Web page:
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Nov14

Can an employee be terminated for smelling like smoke?

At my current workplace they are stating that if employees smell like smoke they will be asked to go home and change their clothes. Accured time will be used for time spent away from work to change and if they are sent home for smelling like smoke four or more times they will be terminated. Is this legal? Cigarettes are not illegal, so can an employer do this. Employees are not allowed to smoke during the work shift. This includes breaks and lunch breaks. Is this legal?

Yes, this is legal in most states. A few states like Wisconsin have laws that protect an employees right to engage in lawful behavior outside of work hours, like smoking. But in most other states, this would be perfectly legal. In fact, the employer could just refuse to hire smokers or fire anyone who smoked.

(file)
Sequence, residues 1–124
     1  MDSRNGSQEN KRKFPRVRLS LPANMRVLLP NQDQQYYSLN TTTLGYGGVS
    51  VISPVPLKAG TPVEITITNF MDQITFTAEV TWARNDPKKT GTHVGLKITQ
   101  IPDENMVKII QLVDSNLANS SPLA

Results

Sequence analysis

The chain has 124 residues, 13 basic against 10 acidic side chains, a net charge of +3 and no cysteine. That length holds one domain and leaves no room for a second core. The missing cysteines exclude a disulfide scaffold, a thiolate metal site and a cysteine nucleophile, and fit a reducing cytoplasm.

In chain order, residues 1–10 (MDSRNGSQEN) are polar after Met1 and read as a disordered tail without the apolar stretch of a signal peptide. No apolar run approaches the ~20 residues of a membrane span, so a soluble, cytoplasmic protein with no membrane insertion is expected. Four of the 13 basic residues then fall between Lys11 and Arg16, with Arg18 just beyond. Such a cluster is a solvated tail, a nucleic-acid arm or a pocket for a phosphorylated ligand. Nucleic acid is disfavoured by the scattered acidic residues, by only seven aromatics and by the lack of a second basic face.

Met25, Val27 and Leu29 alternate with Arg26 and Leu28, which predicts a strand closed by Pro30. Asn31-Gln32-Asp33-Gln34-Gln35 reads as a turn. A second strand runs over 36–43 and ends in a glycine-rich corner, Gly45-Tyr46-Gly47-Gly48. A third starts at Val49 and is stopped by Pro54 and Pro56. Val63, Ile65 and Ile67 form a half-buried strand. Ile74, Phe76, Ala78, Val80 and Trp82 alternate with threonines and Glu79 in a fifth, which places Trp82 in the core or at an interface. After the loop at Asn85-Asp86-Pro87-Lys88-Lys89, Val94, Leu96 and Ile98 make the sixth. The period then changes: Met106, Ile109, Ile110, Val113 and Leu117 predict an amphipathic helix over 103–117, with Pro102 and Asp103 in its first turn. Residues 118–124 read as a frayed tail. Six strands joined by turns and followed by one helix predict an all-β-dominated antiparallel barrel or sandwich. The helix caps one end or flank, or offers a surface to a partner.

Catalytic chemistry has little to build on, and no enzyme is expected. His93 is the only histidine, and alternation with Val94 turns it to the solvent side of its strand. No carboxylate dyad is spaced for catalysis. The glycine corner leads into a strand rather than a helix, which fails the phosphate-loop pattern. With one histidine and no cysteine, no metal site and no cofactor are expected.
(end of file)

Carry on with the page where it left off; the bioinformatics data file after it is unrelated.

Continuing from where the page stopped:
Employers can make the workplace non-smoking. They can require that employees remain on the non-smoking premises during meal breaks and rest breaks, and refrain from smoking. Our best guess is that some employees have been sneaking cigarettes during breaks. Rather than try to catch them, the employer is using the sniff test to weed them out. (Smokers frequently forget that even after one cigarette, to non-smokers their hair and clothes reek of tobacco smoke.) Obviously, if the employee did not smell like smoke at 8 am, and she does at noon, she has been smoking. That is the real issue this technique is addressing, and it sounds like it is effective.

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This entry was posted on Friday, November 14th, 2008 at 8:37 am and is filed under
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34 Responses to “Can an employee be terminated for smelling like smoke?”

  1. Wanda Gledhill Says:

    Is there a way of detecting cigarette smoke on an employee that is impartial and fair?